They call it a computer peripheral and MIDI expander, you'll probably think of it as a preset version of the SixTrak. Exclusive review of SCI's new baby by Dan Goldstein.
The MAX is Sequential Circuits' idea of what a MIDI expander should be, but unusually, this one can operate as a preset polysynth in its own right.
So, you've got yourself a MIDI polysynth, you've written a couple of potential Top Ten hits on it, and now you want to extend its sonic power as easily and as cost-effectively as possible. What you need is a MIDI expander module such as those marketed by Korg, Siel, Roland, and now, with the advent of the MAX, Sequential Circuits.
But hang on a minute. This expander is different. It has its own keyboard so you can use it without any other MIDI instrument, and its factory voices are preset - you can't do any programming of your own. Actually, things aren't quite that simple in reality, but there's no doubt that, concept-wise, the MAX is something of a novelty.
For once, a product that doesn't give the game away about its origins before you've even so much as switched it on. With its silver-and-black metal finish, understated black sides and mysterious 'MIDI Voice Expander/Computer Peripheral' front panel legend, the MAX looks nothing like any SCI instrument there's ever been. Obviously, the company are keen to eradicate the traditional, wood-endowed appearance that characterised their produce for so long.
And in fact, the only concrete clue to the MAX'S ancestry lies in the layout of its patch selection and multitrack sequencer switches, which bear more than a passing resemblance to those of the SCI SixTrak, a fully programmable model that first hit the UK about a year ago.
As on the SixTrak, MAX's switches don't inspire confidence (their feel is rubbery and their action imprecise), but they do at least incorporate status-indicating LEDs, and their positioning is logical enough to be remembered by the average user within a very short period after coming across the synth for the first time. And one happy result of the MAX being essentially a preset instrument is that the SixTrak's distinctly dodgy value incrementor is thankfully absent from these proceedings.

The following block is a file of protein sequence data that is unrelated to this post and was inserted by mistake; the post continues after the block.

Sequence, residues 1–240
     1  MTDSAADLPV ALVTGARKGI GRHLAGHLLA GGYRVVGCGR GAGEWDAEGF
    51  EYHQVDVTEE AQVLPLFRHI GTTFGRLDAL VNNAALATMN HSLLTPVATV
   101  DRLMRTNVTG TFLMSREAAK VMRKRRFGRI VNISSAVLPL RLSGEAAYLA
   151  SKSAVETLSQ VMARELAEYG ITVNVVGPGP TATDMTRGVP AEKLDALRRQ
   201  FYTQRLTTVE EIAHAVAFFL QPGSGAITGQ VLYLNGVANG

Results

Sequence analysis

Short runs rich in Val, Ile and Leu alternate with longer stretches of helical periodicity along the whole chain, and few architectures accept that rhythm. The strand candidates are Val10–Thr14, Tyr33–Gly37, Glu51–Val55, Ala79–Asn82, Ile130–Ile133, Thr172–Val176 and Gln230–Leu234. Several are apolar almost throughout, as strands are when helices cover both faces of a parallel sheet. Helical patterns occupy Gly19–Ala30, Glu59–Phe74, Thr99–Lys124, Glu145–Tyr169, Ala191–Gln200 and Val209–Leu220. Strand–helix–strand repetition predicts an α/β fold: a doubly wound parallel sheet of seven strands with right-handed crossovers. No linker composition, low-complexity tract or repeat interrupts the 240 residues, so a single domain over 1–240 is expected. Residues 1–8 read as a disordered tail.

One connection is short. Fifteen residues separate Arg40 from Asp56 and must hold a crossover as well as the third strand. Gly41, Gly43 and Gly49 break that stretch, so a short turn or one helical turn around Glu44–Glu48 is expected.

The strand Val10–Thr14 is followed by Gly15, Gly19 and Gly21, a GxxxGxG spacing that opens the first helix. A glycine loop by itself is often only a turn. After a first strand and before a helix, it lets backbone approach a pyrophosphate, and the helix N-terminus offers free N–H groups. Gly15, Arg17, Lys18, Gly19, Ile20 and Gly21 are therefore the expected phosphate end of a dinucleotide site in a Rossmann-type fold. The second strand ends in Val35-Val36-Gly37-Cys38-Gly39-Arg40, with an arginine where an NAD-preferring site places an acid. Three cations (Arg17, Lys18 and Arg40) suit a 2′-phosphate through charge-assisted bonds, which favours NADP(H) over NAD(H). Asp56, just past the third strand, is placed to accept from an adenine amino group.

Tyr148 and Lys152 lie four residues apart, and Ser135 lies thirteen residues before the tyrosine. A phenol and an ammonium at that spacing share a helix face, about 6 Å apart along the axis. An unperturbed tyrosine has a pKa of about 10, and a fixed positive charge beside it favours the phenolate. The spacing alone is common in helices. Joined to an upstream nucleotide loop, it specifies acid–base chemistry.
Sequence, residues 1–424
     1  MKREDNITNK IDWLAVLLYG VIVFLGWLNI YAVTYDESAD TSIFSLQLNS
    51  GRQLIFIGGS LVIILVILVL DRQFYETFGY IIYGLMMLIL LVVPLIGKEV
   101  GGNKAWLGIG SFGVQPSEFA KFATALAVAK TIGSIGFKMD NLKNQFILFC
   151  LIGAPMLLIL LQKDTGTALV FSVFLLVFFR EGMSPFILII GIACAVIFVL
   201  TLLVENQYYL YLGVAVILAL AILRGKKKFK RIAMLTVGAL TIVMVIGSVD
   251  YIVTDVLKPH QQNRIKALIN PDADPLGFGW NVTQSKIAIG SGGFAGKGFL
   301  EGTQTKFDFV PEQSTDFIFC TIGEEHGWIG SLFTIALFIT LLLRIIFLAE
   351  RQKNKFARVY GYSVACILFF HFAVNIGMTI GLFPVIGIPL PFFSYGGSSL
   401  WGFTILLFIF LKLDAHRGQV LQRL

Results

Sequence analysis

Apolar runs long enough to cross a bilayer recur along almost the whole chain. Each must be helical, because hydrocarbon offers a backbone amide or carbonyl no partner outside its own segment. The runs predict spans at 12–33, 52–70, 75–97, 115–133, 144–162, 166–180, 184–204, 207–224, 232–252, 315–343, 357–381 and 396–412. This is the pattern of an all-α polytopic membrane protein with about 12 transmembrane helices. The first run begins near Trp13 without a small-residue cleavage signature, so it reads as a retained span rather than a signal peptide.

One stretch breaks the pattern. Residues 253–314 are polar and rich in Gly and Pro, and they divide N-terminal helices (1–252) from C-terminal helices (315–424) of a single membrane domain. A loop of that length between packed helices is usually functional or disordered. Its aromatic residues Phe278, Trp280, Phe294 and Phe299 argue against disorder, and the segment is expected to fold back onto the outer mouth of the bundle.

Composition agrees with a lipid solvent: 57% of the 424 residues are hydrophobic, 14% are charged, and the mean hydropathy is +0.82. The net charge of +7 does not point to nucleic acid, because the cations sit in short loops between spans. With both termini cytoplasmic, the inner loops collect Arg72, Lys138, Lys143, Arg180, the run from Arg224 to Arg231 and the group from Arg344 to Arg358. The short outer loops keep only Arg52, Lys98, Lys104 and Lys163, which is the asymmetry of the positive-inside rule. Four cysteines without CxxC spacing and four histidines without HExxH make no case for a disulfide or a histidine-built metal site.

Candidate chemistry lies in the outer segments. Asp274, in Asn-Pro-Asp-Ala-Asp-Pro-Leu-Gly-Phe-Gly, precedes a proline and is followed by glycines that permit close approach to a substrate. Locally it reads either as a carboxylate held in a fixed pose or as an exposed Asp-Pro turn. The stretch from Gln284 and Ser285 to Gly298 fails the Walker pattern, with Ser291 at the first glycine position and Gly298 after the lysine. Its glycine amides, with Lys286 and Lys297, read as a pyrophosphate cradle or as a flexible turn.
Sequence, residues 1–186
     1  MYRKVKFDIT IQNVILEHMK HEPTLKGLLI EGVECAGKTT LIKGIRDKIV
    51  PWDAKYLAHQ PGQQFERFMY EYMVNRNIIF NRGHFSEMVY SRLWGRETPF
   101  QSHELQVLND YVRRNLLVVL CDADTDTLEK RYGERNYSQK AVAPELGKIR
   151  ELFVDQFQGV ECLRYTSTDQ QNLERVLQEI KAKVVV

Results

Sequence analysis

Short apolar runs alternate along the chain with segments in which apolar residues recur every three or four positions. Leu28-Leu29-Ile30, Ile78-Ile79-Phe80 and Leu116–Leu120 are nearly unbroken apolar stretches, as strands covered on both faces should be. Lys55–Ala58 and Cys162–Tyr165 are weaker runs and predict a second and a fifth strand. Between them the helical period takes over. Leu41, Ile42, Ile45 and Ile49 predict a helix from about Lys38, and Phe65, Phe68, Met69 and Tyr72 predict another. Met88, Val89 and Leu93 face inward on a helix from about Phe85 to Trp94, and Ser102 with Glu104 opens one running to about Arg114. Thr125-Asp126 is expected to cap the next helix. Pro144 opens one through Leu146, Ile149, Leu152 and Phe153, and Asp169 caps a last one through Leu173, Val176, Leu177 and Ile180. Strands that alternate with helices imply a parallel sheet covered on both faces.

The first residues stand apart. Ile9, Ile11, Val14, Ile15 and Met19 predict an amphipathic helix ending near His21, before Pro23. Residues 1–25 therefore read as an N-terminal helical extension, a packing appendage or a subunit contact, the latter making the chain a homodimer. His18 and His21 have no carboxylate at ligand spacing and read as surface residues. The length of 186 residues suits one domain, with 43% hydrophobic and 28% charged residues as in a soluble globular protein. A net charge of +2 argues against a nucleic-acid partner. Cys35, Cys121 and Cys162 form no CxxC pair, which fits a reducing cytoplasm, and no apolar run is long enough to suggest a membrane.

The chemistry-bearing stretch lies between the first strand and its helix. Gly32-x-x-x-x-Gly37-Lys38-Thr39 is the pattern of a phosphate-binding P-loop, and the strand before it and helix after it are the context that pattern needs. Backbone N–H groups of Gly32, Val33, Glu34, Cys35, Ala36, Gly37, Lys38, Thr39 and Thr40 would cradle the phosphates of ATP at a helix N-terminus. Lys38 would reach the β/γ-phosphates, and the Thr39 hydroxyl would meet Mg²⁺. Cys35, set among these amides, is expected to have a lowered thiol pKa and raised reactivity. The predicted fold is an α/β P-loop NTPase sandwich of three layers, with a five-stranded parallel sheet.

As if in acknowledgement of the fact that a lot of potential MAX synth buyers will be relatively unfamiliar with the workings of a MIDI polysynth (must be all those other magazines), Sequential have printed what almost amounts to a user guide on the front panel. Not only are all the voice groupings listed along with their respective names, but a full rundown of the numbers needed to access various aspects of the synth's MIDI operation is also given at the extreme right of the panel. So no more searching around for the manual when you want to refresh your memory about how to change MIDI modes, for instance.
Fifteen-love to Sequential on the user information front, then.
The MAX owes the majority of its internal design to the SixTrak, which isn't, all things considered, all that surprising. What that means in practice is that it's a six-voice polyphonic synthesiser with one VCO-per-voice and a four-pole filter for each of those voices. It also shares the SixTrak's multi-timbrality - that is, each of its six voices can be assigned to individual functions decided by the user, though in the case of the MAX's preset sounds, that decision is taken for you by the SCI programmers. In fact, the MAX's multi-timbrality extends only to the built-in multitrack sequencer and MIDI channel assignment - more on both of these subjects later.
The MAX features the same keyboard as the SixTrak, too, which is something of a disappointment in view of the fact that it's both spongy in its action and ungenerous in its length (four octaves C-to-C). And whereas the costlier poly possessed two (albeit ill-placed) control wheels for pitch and modulation, the MAX has none at all. Presumably, part of the reason for this is that the MAX also lacks the SixTrak's Stack mode (sorry about the involuntary tongue-twister), whereby all six voices (with different sounds, if you so wish) can be assigned to the same note and the keyboard played monophonically for soloing purposes. I don't know about you, but I regard these omissions as more than a mite unfortunate, as they diminish the instrument's versatility by no small degree: if all you want from the MAX is to be able to play it in real time as a conventional polysynth, then fine - but you won't be able to do realistic Keith Emerson solos on this one, that's for sure.
"You won't find FM clarity here, but the MAX makes a pretty good stab at the sort of percussive sounds digital synths seem to be so good at reproducing."
All these control omissions pale into insignificance when you remember the greatest limitation of all - the fact that MAX's voices are not user-programmable. Well, that's not quite the whole truth, because if you possess a Commodore 64 home micro and a diskdrive, Sequential's 920 software will let you edit MAX's sounds via the Commodore's QWERTY keys and some nifty parameter screen displays. In fact, if you're reasonably conversant with the synth's internal workings and MIDI protocol, you can edit sounds without the help of the software - all you need is for the Commodore to be linked to the MAX via MIDI, since it's over the communications bus we all know and love that the parameter data is transmitted and received. The MAX's MIDI manual is about three times the size of the normal operation one, and for good reason: it tells you exactly how the synth's patch information is digitally coded.
Alternatively, if you already own a SixTrak, you can edit MAX sounds remotely from its controls, again over MIDI.
Like the SixTrak, the MAX has 80 factory presets in all, but those who fear these are the same as the voices fitted to the programmable model when it first came out needn't worry: the MAX's programs are entirely new, and so pleased are Sequential with their programmers' endeavours, they've fitted the most recent generation of SixTraks with the same set of voices.